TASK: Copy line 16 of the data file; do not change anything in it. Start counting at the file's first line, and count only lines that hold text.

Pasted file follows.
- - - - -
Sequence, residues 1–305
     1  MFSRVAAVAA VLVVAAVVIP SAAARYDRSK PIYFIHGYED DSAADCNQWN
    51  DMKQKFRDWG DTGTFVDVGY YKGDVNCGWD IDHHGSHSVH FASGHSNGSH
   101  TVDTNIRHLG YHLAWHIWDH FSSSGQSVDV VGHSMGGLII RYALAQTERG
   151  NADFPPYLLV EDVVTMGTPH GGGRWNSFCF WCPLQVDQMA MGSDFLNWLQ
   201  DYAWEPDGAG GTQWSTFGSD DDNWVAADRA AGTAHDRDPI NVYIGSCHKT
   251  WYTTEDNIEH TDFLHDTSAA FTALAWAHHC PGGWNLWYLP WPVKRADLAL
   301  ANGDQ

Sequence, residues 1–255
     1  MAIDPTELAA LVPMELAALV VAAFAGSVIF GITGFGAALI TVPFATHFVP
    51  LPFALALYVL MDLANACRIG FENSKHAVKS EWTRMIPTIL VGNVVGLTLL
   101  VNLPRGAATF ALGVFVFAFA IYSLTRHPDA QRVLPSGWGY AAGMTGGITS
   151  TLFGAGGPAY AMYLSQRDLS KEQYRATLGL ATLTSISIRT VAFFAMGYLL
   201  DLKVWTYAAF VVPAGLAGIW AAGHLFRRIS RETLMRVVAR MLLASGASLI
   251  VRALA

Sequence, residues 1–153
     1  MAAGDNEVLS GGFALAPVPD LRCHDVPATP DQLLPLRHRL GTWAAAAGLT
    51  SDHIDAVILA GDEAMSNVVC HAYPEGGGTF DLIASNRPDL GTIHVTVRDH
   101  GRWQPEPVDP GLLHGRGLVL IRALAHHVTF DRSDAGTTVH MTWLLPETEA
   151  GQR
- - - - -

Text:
Sequence, residues 1–153